GPhC launches consultation on the quality assurance of pharmacy education and training​

The General Pharmaceutical Council is seeking views on changing its approach to the quality assurance of pharmacy education and training.

Pharmacy education and training providers have to meet GPhC standards through a quality assurance process. This gives patients and the public the confidence that pharmacists and pharmacy technicians joining the register are skilled and knowledgeable, and that they demonstrate appropriate professional behaviours as a result of their education and training. It also ensures pharmacy education and training takes place safely for all involved and is conducted in a way that is fair and provides a positive experience for students and trainees.

Key changes being proposed 

There are four key changes to the quality assurance of pharmacy education being proposed:  

  • Introduce yearly monitoring with greater use of data we collect before the approval event which will enable us to identify and address concerns together with the providers in a more timely, proportionate, and systematic manner. 
  • Define clear lines of responsibility and criteria for making decisions about whether or not to re-approve a course or qualification, including decision-making routes based on the level of assurance we get from providers and whether there is an identified need to intervene. 
  • Adopt a more flexible approval and intervention process so that, as well as continuing to monitor on a regular basis, we will also have the flexibility to intervene more quickly where concerns are identified.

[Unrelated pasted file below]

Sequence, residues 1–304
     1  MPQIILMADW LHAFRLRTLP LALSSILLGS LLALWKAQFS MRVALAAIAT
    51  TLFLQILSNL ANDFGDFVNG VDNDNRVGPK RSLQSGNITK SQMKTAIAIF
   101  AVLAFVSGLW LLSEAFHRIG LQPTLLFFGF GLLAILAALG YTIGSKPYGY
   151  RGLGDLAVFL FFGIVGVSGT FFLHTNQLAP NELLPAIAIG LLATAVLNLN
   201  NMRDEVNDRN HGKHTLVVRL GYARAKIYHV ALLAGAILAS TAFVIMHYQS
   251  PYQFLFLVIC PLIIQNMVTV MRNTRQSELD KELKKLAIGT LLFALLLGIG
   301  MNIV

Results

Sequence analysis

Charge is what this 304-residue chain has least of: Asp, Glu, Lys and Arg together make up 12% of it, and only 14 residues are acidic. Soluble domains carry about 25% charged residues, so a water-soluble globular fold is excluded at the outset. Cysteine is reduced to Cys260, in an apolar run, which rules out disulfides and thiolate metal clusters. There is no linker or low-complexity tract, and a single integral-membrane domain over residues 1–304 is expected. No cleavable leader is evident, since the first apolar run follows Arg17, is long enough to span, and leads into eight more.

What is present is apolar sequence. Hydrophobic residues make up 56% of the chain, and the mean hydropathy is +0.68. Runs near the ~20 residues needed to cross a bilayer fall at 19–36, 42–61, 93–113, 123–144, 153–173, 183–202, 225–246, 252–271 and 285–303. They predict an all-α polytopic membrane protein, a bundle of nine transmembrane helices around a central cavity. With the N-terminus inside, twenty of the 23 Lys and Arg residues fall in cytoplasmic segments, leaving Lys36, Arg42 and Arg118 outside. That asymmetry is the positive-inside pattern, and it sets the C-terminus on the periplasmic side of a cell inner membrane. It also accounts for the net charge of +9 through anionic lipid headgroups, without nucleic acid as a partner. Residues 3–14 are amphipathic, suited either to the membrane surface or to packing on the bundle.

• Achieve greater scrutiny by applying our quality assurance processes across all pharmacy education and training which will mean that the same arrangements will apply to all providers. 

Chief Strategy Officer and Deputy Registrar, Mark Voce, said: 

“Pharmacy education and training sets a foundation for the knowledge, skills, understanding and professional behaviours a pharmacy student must demonstrate in order to become fully qualified and join the professional register.

“As such it is vital that we check that training providers are meeting our standards through a quality assurance process. By doing this we are ensuring trainees are getting the right level of education to become competent practitioners of the future.

“The changes we are proposing will help us identify issues more effectively, act more quickly if necessary and be fairer to all providers.

“I would encourage those with an interest in pharmacy education to take part in the consultation.”  

The consultation closes on 13 June 2024.

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